CFA Level II: Derivatives – Option Strategies

A goal of derivative strategies is to modify portfolio risk and return. By combining a bond portfolio with a short interest swap for instance, will reduce the duration of the portfolio. Combining a portfolio with bond futures will increase duration.

In asset terms, we can replicate a long position using a combination of an asset futures contract and a risk-free asset:

  • Long futures + risk-free rate = long stock

An implication of this equation is that we can hedge a long asset position by entering a short futures positions.

  • Long stock – long futures = long stock + short futures = risk-free asset.

Below we explore some other derivative strategies which modify portfolio risk and return.

Covered Call Option

A covered call is combining a long stock position with a short call position. This allows for some income to be generated and can be also be used to realize a target price, or in some cases exit a position with a call option premium that is larger than the spot price.

  • Max gain = X – S0 + C0
  • ­Max loss = S0 – C0
  • ­Breakeven point = S0 – C0

Protective Put

A protective put combines a long stock position with a long-put position. This serves as downside production. This strategy is often referred to as downside protection because the investors pays a “deductible” which is the cost of the put, in exchange for protection from a larger less if the stock price drops. However, the investor does not give up the upside potential. Frequent use of then in a portfolio will create a long term drag on returns.

  • Max gain = St – (S0 + P0)
  • Max loss = (S0 – X) + P0
  • ­Max loss = S0 + P0

Bull and Bear Spreads

These strategies limit profit potential but also risk. A bull spread for example can be made by purchasing a call option with a lower strike price (X­L) and shorting a call with a higher strike price (X­H). If price rises to XH, we will gain the spread between the X­Land X­H. However, if price falls, we will be limited to a loss of the cost of the long call – profit of the short call.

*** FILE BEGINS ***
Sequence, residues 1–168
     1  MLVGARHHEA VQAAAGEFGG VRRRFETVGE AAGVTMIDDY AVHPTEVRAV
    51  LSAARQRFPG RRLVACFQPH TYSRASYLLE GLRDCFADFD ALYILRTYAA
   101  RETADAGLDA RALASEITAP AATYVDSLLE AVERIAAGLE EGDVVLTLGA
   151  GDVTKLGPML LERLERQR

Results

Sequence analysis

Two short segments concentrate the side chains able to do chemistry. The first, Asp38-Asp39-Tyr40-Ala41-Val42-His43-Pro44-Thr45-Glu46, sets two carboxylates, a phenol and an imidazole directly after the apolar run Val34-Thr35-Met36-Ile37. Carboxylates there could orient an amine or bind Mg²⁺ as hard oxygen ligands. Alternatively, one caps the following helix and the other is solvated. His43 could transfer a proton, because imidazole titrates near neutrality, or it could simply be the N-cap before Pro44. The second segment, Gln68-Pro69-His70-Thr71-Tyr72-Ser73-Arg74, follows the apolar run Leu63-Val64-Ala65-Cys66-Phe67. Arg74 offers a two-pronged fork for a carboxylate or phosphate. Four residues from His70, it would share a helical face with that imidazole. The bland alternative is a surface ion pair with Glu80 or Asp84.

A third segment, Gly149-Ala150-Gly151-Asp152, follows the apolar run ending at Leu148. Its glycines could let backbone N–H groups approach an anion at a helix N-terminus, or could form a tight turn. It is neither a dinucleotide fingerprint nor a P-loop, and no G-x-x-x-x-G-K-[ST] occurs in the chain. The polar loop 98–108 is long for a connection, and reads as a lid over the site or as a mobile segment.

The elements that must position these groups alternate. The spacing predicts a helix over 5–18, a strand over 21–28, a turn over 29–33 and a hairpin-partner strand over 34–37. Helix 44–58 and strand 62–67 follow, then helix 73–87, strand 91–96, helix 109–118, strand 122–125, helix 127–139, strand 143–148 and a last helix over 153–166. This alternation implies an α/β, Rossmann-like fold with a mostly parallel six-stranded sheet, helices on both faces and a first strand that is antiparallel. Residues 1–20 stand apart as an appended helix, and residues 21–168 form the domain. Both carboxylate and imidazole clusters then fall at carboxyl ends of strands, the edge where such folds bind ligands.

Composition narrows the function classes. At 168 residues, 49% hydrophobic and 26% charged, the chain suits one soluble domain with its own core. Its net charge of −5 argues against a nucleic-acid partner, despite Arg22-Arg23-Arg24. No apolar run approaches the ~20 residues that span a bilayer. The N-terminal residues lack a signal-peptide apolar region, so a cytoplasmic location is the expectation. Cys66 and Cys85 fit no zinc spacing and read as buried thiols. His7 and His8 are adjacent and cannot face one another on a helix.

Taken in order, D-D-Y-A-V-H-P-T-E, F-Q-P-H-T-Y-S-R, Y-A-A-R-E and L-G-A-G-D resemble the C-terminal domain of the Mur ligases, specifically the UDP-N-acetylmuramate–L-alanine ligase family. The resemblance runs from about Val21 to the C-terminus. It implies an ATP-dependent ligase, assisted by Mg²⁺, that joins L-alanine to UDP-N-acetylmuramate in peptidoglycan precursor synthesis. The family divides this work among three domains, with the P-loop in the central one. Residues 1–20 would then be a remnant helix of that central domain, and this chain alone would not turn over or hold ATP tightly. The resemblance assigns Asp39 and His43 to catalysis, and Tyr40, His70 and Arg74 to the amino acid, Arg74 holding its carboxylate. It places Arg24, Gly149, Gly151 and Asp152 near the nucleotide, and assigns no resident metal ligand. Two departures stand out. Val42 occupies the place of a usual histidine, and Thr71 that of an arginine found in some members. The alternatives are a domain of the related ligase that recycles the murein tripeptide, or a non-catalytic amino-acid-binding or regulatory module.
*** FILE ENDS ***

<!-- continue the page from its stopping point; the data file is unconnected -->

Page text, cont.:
• Max profit = XH – XL – CL0 + CH0
  • ­Max loss = CL0 – CH0
  • Breakeven price = XL + CL0 – CH0

Bear Put Spread

  • Max profit = XH – XL – PL0 + PH0
  • ­Max loss = PL0 – PH0
  • Breakeven price = XH + PL0 – PH0


A collar is a short position in a covered call combined with a long protective put. Collars work like spread trades in that they limit downside at cost of upside but include a position in the underlying as well. The goal is to decrease the volatility of returns. The put strike price should be lower than the short call price.

  • Max profit = XH – S0 – (P0 – C0)
  • ­Max loss = S0 – XL + (P0 – C0)
  • Breakeven price = S0 + (P0 – C0)


A straddle aims to capture an increase in future volatility, regardless of the direction of the volatility. A straddle is set up with a long call and a long put with the same strike price on the same underlying stock.

  • Max profit = ST – X – (C0 + P0)
  • ­Max loss = C0 + P0
  • Breakeven price = X – (C0 + P0) and X + (C0 + P0)

­­­Calendar Spreads

Calendar spreads are used to capture changes in volatility at an indeterminate future point. Given two call options on the same stock with different maturities and the same exercise price, a long calendar spread shorts a near dated call and longs the longer dated call.

This position will capture price upside if it happens to break out, perhaps in advance of a major announcement on a patent.

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